NAR documents 6 percent jump in existing-home sales
Market indicators have detailed a continual progression towards normalcy since early 2014, but a hiccup in April’s existing-home sales could mark yet another slow down in the pace of progress, according to a new report from the National Association of Realtors.
In April, total existing-home sales, encompassing all property types, stumbled 3.3 percent from March, which was admittedly uncharacteristically active. Despite month-over-month declines, figures remain above the annual sales pace of five million, and from the same time last year sales have actually jumped 6.1 percentage points – the seventh consecutive month of such increases.
Single-family home sales, which also fell month-over-month, held on to yearly gains, rising 6.5 percentage points, helping to boost the median sales price to $221,200 – a 10 percent year-over-year gain. Condo sales were up 3.4 percent from April 2014.
Inventory remains far below pre-crisis levels at a 5.3-month supply, and 0.9 percent below a year ago. While short-term increases mark a slow refilling of shallow inventories, persistent demand in some of the country’s hottest markets is making it difficult for builders and sellers to keep up. At the current purchase pace, properties are averaging only 39 days on market, which is faster than any time since July 2013 when the average was 42 days. In April, 46 percent of homes sold in less than a month.
The Midwest Prevails
Regionally, NAR’s findings were aligned with the national pace, apart from the Midwest, which stood out as a beacon in an otherwise foggy gulf of slowing existing-home sales.
- Sales in the Northeast declined 3.1 percent to an annual rate of 620,000, but are 1.6 percent above a year ago. The median price in the Northeast was $253,200, which is 3.6 percent higher than April 2014.
- In the Midwest, existing, home sales increased 1.7 percent to an annual rate of 1.22 million, and are 13.0 percent above April 2014. The median price in the Midwest was $173,700, up 11.4 percent from a year ago.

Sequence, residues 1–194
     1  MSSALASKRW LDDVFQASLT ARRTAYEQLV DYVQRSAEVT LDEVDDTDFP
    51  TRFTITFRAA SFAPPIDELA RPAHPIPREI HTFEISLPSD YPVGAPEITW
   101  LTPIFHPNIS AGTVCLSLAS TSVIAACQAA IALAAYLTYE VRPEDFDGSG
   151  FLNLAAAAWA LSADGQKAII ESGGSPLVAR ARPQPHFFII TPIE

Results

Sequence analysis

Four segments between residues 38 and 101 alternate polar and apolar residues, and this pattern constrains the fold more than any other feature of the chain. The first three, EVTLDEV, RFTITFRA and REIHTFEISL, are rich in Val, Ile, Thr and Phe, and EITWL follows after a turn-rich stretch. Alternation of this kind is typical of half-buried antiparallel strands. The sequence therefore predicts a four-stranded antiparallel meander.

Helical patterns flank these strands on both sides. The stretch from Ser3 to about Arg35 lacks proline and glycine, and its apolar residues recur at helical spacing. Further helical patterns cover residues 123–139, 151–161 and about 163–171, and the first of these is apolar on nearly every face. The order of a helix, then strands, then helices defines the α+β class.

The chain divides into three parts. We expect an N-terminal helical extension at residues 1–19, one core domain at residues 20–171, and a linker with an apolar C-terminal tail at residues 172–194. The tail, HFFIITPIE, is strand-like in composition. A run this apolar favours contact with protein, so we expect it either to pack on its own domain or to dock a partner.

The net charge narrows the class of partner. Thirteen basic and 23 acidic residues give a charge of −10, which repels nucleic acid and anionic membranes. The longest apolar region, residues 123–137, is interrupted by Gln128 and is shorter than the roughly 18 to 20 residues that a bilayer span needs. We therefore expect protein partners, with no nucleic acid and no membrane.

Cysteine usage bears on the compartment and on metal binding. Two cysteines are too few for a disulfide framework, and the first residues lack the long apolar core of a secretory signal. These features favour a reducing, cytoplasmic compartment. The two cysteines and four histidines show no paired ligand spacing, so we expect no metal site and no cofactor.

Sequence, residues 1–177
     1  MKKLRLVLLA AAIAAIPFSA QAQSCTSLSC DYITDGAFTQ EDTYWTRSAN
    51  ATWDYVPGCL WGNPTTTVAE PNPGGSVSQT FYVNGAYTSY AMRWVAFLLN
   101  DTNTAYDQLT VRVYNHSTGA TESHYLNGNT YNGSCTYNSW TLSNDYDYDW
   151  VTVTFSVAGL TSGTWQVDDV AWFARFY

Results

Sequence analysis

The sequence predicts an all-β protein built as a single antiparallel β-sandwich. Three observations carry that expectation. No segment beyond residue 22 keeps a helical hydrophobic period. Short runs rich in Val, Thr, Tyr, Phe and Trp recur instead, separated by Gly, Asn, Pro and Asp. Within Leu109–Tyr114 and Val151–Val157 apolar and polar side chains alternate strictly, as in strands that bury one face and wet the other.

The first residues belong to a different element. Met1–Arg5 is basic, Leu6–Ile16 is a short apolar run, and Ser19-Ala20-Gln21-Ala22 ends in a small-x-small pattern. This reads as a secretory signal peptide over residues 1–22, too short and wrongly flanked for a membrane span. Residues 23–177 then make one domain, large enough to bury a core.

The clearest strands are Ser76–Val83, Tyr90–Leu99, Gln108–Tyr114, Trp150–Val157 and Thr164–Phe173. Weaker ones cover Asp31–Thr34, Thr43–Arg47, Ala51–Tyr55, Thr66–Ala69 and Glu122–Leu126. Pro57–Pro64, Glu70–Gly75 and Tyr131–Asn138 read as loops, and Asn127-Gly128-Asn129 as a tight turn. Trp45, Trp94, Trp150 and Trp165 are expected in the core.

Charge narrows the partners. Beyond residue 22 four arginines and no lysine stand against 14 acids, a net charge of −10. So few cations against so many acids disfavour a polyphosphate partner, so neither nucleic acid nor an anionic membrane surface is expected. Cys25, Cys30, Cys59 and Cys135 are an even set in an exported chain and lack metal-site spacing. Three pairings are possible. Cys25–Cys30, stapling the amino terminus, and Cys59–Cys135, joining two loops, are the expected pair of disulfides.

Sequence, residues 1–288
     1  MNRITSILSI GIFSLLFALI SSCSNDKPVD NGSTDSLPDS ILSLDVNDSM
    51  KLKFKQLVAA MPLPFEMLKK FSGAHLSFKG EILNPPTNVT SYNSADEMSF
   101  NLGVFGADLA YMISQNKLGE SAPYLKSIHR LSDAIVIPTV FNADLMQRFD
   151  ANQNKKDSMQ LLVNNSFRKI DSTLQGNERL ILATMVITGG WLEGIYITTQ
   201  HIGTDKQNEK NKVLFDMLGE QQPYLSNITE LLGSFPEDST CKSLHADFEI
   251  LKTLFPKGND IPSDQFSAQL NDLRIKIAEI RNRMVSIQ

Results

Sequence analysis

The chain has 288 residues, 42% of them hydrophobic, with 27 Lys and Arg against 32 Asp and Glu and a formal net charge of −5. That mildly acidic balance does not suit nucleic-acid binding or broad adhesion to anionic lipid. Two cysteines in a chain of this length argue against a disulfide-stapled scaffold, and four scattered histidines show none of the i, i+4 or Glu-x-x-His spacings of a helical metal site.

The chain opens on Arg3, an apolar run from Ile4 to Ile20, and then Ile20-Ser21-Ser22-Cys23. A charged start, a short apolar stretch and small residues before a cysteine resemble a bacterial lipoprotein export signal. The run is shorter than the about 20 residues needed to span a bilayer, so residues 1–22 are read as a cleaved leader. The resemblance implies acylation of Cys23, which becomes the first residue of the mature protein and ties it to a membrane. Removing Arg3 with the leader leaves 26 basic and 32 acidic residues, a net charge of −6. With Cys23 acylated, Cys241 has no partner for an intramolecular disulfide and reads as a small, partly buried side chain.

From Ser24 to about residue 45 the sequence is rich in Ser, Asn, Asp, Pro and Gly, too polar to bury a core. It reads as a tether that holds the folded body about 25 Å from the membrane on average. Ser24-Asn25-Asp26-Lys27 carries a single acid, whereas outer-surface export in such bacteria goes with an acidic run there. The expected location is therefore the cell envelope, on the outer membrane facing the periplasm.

- Existing home sales in the South declined 6.8 percent to an annual rate of 2.04 million, but are still 3.6 percent above April 2014. The median price in the South was $189,400, up 8.5 percent from a year ago.
- Existing home sales in the West decreased 1.7 percent to an annual rate of 1.16 million, but are still 6.4 percent above a year ago. The median price in the West was $318,700, which is 10.0 percent above April 2014.
Owners Wary of the Market
In a statement accompanying NAR’s report, Chief Economist Lawrence Yun rationalized April’s dip in sales. “April’s setback is the result of lagging supply relative to demand and the upward pressure it’s putting on prices,” he said. “Housing inventory in many markets is very tight, which in turn is leading to bidding wars, faster price growth and properties selling at a quicker pace.”
Helping to frame the situation, Yun added that in April, 40 percent of properties sold above asking price, the highest level since NAR began tacking the data in December 2012.
While some experts point to building as the culprit behind low inventory, Chicago Agent has reported several times on the one-dimensional nature of this analysis. Mark Fleming, chief economist with First American, pointed out that while buyer interest remains high and rising prices bode well for interested sellers, many homeowners still lack the equity to warrant listing their home.
“While individual homeowner equity positions are improving, many homeowners still have a higher than market reservation price, or the price at which they are willing to put their home on the market for sale,” he said. “Without the constraint of insufficient equity, many more homeowners would be willing to sell their homes, especially given the continued low interest rate environment and increased certainty in labor markets.”
Overall, April proved disappointing, but March’s stellar performance may have been enough to help make up the difference.
“Existing-home sales are currently below expectations because it’s hard to be a buyer if at first you can’t be a seller,” Fleming said. “Nonetheless, the big increase in actual sales in March began to close the gap between actual existing-home sales and the market capacity for existing-home sales.”